Transcranial DC Stimulation: Ready for Regular Use in Treating Major Depression?

Peter M. Yellowlees, MBBS, MD


January 30, 2017

This feature requires the newest version of Flash. You can download it here.

This is the Medscape Psychiatry Minute. I'm Dr Peter Yellowlees.

Studies of transcranial direct-current stimulation (tDCS), which is one of several emerging biological nonpharmacologic interventions proposed to treat depression, have had mixed results. Now a team of investigators[1] from the University of São Paulo, Brazil, have undertaken a systematic review and meta-analysis of individual patient data to assess tDCS efficacy and explore individual response predictors.

After gathering data from six randomized sham-controlled trials enrolling 289 patients, the researchers concluded that active tDCS was significantly superior to sham treatment for depression improvement and remission in patients with major depression. They noted that higher tDCS "doses" corresponded to increased tDCS efficacy, and that patients with treatment-resistant depression were less likely to respond to tDCS.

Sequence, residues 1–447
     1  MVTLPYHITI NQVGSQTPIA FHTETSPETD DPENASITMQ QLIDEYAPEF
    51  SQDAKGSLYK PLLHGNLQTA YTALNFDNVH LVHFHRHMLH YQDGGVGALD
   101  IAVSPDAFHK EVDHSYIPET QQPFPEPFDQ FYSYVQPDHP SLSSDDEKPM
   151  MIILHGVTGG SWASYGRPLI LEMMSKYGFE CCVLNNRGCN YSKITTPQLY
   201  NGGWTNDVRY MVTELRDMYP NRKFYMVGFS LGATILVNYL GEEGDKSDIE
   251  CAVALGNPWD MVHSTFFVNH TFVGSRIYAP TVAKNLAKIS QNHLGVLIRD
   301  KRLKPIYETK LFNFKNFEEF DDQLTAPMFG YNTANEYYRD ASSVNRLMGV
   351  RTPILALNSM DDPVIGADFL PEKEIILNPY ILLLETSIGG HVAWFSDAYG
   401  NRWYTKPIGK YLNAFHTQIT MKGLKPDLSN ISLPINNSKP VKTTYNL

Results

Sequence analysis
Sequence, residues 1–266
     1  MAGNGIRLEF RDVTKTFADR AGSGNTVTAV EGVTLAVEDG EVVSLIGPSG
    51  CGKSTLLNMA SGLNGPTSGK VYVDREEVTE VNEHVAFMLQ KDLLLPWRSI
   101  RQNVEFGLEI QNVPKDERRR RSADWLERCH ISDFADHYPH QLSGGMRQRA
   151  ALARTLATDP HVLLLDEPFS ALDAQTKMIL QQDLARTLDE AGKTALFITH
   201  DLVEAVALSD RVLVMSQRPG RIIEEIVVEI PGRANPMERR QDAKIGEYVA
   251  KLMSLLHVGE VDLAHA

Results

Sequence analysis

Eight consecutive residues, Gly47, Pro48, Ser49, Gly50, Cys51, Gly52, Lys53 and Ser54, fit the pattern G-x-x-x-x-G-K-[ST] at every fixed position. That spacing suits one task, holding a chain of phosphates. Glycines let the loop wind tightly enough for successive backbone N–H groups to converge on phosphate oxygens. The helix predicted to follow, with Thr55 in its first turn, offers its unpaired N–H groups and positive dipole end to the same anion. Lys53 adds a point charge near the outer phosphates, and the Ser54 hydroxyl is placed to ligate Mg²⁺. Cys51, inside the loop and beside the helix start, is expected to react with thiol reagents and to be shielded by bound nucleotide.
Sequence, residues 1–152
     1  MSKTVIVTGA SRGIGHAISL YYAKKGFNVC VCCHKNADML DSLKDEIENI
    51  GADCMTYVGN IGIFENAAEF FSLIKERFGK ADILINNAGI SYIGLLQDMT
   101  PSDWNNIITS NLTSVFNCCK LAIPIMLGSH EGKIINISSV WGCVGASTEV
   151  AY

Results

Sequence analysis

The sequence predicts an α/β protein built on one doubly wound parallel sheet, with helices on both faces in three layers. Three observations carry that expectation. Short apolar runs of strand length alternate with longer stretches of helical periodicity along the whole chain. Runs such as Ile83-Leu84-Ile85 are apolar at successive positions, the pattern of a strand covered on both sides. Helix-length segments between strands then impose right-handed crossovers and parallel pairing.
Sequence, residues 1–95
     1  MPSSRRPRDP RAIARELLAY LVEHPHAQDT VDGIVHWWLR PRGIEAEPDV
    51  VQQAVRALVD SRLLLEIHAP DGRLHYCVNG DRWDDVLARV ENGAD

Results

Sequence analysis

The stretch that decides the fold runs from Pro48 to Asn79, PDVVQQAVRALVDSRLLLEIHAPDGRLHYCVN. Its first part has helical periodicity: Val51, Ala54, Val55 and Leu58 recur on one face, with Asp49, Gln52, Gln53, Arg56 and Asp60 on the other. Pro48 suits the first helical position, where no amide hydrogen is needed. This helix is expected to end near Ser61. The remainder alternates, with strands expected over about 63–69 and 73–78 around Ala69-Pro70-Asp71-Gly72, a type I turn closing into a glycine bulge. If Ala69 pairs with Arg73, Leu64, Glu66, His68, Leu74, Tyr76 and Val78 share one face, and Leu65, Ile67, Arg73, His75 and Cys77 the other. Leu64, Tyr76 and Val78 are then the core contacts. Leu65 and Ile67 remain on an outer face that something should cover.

These results are of interest primarily to researchers in biological psychiatry and do not in any way suggest that tDCS is ready for clinical prime time. Before we can consider using this type of therapy with our patients, we need to see much more than trials of active tDCS compared with sham. Well-designed, head-to-head trials against other physical and drug treatments are needed, as there is minimal evidence that this treatment is as effective as the many other biological treatments for depression that we currently have at our disposal.

Thank you for listening to this Medscape Psychiatry Minute. Do enjoy your practice.


Comments on Medscape are moderated and should be professional in tone and on topic. You must declare any conflicts of interest related to your comments and responses. Please see our Commenting Guide for further information. We reserve the right to remove posts at our sole discretion.